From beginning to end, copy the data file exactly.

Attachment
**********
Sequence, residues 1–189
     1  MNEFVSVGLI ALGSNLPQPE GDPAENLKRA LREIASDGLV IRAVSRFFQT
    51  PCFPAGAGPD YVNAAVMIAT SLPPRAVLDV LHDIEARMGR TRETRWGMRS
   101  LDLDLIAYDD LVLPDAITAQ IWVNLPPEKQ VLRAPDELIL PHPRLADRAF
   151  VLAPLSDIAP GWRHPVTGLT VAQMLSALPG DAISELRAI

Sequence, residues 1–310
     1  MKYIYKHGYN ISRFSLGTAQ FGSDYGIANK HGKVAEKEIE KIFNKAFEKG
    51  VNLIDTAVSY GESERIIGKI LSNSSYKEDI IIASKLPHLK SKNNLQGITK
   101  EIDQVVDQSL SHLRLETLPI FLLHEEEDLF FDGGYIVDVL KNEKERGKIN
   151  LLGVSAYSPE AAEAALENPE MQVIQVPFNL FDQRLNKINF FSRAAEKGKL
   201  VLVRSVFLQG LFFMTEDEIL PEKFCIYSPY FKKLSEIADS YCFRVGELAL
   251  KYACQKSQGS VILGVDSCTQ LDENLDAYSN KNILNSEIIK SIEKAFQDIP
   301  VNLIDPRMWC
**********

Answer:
Sequence, residues 1–189
     1  MNEFVSVGLI ALGSNLPQPE GDPAENLKRA LREIASDGLV IRAVSRFFQT
    51  PCFPAGAGPD YVNAAVMIAT SLPPRAVLDV LHDIEARMGR TRETRWGMRS
   101  LDLDLIAYDD LVLPDAITAQ IWVNLPPEKQ VLRAPDELIL PHPRLADRAF
   151  VLAPLSDIAP GWRHPVTGLT VAQMLSALPG DAISELRAI

Sequence, residues 1–310
     1  MKYIYKHGYN ISRFSLGTAQ FGSDYGIANK HGKVAEKEIE KIFNKAFEKG
    51  VNLIDTAVSY GESERIIGKI LSNSSYKEDI IIASKLPHLK SKNNLQGITK
   101  EIDQVVDQSL SHLRLETLPI FLLHEEEDLF FDGGYIVDVL KNEKERGKIN
   151  LLGVSAYSPE AAEAALENPE MQVIQVPFNL FDQRLNKINF FSRAAEKGKL
   201  VLVRSVFLQG LFFMTEDEIL PEKFCIYSPY FKKLSEIADS YCFRVGELAL
   251  KYACQKSQGS VILGVDSCTQ LDENLDAYSN KNILNSEIIK SIEKAFQDIP
   301  VNLIDPRMWC